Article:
Subject: Re: [boost] [Review] We're halfway through the GGL review
From: Barend Gehrels (barend_at_[hidden])
Date: 2009-11-15 17:18:24
> Maybe you can use them in one of the examples, to make things clearer.
Sure, that makes sense. We'll do that.
>> Therefore, union and intersection work with output iterators. So:
>> union_inserter(p1, p2, std::back_inserter(ps1));
> Hm, I tried:
> #include <boost/ggl/ggl.hpp>
> #include <boost/ggl/geometries/cartesian3d.hpp>
> #include <boost/ggl/multi/geometries/multi_polygon.hpp>
> #include <boost/ggl/algorithms/union.hpp>
> typedef multi_polygon<polygon_3d> polygon_set_3d;
> polygon_set_3d ps;
> polygon_3d poly1;
> polygon_3d poly2;
> union_inserter(poly1, poly2, std::back_inserter(ps));
There are two things:
- I forgot one thing, sorry, the inserter-versions always have their
output type as a required template parameter. That one can, AFAIK, not
be deduced from the output iterator. And it might be a different type of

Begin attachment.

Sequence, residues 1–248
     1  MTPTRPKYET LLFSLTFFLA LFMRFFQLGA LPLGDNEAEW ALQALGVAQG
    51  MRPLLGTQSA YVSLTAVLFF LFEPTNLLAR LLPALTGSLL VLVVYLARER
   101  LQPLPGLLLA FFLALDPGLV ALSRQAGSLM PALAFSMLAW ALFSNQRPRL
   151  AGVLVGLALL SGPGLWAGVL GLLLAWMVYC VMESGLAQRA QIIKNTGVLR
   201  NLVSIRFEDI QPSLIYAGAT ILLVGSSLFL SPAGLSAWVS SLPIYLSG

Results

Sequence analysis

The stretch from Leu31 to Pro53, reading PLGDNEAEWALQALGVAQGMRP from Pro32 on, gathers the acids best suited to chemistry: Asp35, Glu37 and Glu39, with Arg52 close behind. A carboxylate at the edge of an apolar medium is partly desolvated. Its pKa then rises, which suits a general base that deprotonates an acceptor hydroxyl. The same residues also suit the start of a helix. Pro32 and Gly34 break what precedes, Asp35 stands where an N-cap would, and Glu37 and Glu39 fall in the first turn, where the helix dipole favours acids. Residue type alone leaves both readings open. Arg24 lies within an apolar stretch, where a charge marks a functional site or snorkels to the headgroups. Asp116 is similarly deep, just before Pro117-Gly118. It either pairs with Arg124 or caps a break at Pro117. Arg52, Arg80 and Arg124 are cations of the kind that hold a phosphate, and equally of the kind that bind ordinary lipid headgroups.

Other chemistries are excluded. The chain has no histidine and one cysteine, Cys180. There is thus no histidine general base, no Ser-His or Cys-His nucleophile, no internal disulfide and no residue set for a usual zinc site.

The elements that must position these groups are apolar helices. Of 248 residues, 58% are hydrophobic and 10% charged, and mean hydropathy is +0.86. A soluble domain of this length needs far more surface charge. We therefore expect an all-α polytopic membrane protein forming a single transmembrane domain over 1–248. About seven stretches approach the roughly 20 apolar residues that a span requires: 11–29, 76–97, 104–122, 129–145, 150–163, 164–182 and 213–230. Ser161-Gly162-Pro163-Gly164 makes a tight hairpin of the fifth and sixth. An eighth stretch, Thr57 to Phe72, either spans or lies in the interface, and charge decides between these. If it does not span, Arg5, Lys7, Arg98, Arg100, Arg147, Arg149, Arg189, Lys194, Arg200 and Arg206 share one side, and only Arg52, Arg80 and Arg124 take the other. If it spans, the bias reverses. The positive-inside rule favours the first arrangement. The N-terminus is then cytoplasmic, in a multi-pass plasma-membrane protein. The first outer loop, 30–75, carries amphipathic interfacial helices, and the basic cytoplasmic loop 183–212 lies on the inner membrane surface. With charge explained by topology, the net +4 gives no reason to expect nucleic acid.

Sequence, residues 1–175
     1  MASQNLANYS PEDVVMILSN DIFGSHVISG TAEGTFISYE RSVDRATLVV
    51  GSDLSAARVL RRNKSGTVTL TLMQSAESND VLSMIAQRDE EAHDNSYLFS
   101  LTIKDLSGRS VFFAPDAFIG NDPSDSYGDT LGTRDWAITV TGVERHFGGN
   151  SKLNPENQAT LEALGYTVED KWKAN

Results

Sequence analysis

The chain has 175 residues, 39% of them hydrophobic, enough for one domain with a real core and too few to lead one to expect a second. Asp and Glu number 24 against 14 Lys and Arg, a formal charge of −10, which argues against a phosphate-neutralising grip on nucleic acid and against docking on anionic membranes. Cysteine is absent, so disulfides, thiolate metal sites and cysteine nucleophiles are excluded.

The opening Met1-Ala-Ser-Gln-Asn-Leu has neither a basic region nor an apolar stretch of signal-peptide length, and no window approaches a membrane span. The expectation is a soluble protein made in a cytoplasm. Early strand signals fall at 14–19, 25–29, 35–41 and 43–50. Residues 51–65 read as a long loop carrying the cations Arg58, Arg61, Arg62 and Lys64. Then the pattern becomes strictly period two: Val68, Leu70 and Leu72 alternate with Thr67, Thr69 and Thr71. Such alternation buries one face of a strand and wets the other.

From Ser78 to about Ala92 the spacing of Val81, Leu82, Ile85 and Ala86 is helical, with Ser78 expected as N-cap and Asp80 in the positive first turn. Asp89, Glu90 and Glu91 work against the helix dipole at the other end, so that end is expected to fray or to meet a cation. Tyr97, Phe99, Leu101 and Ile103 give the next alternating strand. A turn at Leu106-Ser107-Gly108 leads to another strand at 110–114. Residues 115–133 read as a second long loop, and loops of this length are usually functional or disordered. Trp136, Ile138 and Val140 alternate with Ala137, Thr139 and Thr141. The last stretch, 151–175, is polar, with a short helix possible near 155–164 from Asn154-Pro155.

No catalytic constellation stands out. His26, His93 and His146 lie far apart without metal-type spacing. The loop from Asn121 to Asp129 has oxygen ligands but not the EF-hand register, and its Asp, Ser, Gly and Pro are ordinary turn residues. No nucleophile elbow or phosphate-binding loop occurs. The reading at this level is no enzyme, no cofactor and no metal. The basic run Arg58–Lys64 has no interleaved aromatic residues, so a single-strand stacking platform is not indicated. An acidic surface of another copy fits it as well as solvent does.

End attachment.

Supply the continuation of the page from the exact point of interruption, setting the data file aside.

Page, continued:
the input polygons. If someone knows if that is possible somehow, I
would be happy to know. So it should be: union_inserter<polygon_2d>(p1,
- You're using the 3d polygons here. The union would make a 2D
union-operation then of your 3D polygons (so polygons with for all
vertices a height). It would ignore the third dimension (because it is
not a polyhedron union). I just tried it, to not give you again wrong
information. But it is not working yet like this, a.o. because the
functions convert, area and point-in-polygon which should support 3D
then. Especially area implementation would probably be different for 3D.
Though it is used as a helper-function in the union, so its usage could
> Besides I would probably not call it union_ but geometric_union or
> some such, but thats just personal preference.
Yes, but it is already in the namespace ggl. We thought that union_
conforms to boost/mpl conventions (not_, if_)
> For each class/function add a short usage example including all
> relevant includes (something short like the snipplet above)
> This makes it immediately clear how things work together.
That makes also sense, thanks.
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